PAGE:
Why Old People Love Using Ellipses

They learned to write under an entirely different set of circumstances back in the day.
Why Old People Love Using Ellipses

It's an unspoken rule of text-based communication that nobody likes people who talk ... like ... this. It makes you look like an idiot, an asshole, or both, you Tiffany-from-Daria-sounding dipshit. It doesn't help that it's usually old people who default to unnecessary ellipses, making them a hallmark of "okay, boomer" memes and mockery. But why? Why is Grandma always trailing off passive-aggressively?

According to one expert -- Gretchen McCulloch, who wrote a whole book about modern linguistic evolution called Because Internet: Understanding the New Rules of Language -- it's because they learned to write under an entirely different set of circumstances back in the day.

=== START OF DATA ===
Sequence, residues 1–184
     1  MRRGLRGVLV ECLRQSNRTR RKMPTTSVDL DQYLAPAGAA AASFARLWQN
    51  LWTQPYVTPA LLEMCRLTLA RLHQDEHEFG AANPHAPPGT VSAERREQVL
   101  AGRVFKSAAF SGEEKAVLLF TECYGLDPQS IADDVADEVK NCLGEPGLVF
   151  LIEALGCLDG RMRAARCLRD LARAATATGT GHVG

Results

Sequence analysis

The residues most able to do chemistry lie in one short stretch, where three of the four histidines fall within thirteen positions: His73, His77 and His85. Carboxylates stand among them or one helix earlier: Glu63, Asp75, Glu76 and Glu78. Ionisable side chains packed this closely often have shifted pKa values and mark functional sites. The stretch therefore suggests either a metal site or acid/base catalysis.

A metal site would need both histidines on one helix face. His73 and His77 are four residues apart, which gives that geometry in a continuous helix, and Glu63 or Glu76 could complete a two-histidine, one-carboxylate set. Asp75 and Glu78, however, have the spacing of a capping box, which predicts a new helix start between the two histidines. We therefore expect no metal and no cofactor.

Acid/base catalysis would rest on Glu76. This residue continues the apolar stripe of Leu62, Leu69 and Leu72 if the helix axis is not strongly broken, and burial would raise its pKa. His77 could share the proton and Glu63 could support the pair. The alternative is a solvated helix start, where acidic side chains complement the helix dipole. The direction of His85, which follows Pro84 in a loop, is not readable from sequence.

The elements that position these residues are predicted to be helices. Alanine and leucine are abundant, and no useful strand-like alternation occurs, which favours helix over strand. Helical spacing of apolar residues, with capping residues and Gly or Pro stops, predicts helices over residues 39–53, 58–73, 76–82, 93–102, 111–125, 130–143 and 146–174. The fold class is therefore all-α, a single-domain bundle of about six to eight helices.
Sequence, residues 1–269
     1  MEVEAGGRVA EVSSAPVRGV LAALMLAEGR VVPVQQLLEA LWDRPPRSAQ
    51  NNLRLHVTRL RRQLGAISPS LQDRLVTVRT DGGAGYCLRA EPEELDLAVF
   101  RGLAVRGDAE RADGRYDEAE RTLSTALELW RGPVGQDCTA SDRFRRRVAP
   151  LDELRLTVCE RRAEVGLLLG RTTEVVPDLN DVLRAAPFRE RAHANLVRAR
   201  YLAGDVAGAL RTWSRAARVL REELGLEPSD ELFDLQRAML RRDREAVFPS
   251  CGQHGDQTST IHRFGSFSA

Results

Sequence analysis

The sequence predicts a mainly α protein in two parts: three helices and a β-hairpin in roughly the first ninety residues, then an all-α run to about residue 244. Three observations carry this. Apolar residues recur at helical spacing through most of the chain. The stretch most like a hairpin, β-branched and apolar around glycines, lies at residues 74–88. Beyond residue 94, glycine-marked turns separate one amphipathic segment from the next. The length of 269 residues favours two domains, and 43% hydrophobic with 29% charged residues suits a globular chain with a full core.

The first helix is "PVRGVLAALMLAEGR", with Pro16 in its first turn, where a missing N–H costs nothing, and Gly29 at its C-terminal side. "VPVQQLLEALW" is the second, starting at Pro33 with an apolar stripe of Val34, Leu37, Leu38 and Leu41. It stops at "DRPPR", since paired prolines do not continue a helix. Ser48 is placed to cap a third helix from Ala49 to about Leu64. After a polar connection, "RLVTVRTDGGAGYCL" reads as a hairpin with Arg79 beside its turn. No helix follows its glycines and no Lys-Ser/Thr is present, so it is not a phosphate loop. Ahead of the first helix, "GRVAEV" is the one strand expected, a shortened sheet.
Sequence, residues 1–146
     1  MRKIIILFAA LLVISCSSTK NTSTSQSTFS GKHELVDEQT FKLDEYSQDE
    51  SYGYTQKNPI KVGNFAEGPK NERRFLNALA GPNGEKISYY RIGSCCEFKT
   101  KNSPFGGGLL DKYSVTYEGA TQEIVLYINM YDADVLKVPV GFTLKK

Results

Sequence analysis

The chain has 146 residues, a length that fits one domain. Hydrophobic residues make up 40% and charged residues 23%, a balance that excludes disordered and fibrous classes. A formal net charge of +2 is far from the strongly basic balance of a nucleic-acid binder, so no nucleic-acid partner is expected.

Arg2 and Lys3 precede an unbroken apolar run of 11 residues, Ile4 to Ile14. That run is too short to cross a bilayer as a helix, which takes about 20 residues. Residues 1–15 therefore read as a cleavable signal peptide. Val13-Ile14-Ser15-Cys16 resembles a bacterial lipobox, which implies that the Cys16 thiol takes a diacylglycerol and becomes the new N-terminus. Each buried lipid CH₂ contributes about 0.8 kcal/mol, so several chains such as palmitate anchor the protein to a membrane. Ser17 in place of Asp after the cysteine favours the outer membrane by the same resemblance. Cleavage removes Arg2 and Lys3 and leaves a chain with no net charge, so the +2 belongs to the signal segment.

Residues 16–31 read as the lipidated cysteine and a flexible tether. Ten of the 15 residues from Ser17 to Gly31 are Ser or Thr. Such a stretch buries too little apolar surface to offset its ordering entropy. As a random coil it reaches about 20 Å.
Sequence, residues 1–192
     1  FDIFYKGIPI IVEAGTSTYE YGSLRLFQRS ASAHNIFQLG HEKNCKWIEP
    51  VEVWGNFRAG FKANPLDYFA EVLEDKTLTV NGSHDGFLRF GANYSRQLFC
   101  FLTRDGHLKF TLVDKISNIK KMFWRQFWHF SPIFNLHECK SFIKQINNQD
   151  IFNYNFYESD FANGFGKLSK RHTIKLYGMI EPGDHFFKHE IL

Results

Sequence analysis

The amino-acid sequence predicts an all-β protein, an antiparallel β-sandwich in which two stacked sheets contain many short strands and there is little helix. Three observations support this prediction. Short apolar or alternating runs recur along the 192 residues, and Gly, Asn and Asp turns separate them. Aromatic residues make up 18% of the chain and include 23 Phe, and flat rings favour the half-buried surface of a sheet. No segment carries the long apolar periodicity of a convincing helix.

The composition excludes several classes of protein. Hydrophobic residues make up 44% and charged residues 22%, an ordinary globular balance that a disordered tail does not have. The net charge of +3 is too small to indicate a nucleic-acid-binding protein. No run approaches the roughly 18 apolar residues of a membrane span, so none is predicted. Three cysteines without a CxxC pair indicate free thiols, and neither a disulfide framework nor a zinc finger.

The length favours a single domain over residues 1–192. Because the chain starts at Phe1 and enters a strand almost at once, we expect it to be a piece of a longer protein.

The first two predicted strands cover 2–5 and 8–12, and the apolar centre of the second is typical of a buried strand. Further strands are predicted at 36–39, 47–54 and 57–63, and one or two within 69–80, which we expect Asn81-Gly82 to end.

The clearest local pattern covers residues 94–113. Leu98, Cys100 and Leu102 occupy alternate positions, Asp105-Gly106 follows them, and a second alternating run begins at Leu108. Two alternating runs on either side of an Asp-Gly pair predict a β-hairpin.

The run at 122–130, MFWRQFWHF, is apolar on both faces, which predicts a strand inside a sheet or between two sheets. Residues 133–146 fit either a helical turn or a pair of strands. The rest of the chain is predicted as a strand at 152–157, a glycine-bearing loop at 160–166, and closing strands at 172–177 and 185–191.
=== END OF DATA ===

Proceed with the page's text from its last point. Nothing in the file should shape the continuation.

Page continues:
Daderot/Wiki Commons
Not that far back.

Basically, the only way to communicate non-vocally was via letter -- or, god forbid, postcard -- you didn't have a lot of space to say your piece. To move from one thought to the next, ellipses were a good substitution for a new paragraph without running the risk of spilling over into the address field, and then Doris might never even know you were in Fort Lauderdale. She'd probably think you were dead. There was no other way to know.

But texting and tweeting use an entirely different economy of language. You can smash that return key all day and probably get bored before you reach the end of your character limit. In fact, ellipses use more characters than line breaks, so the whole thing is completely backward. You can even send a whole new message for each individual thought, the equivalent of writing a letter consisting of one sentence per sheet of paper -- sheer madness to an old. In such a medium, ellipses are translated as trailing off or leaving something unsaid, which is why your grandma always sounds like she's being sarcastic when she congratulates you on your new e-scooter. To be fair, it's really dorky.

Manna, regrettably, has a Twitter.

Top image: Joshua Hoehne/Unsplash

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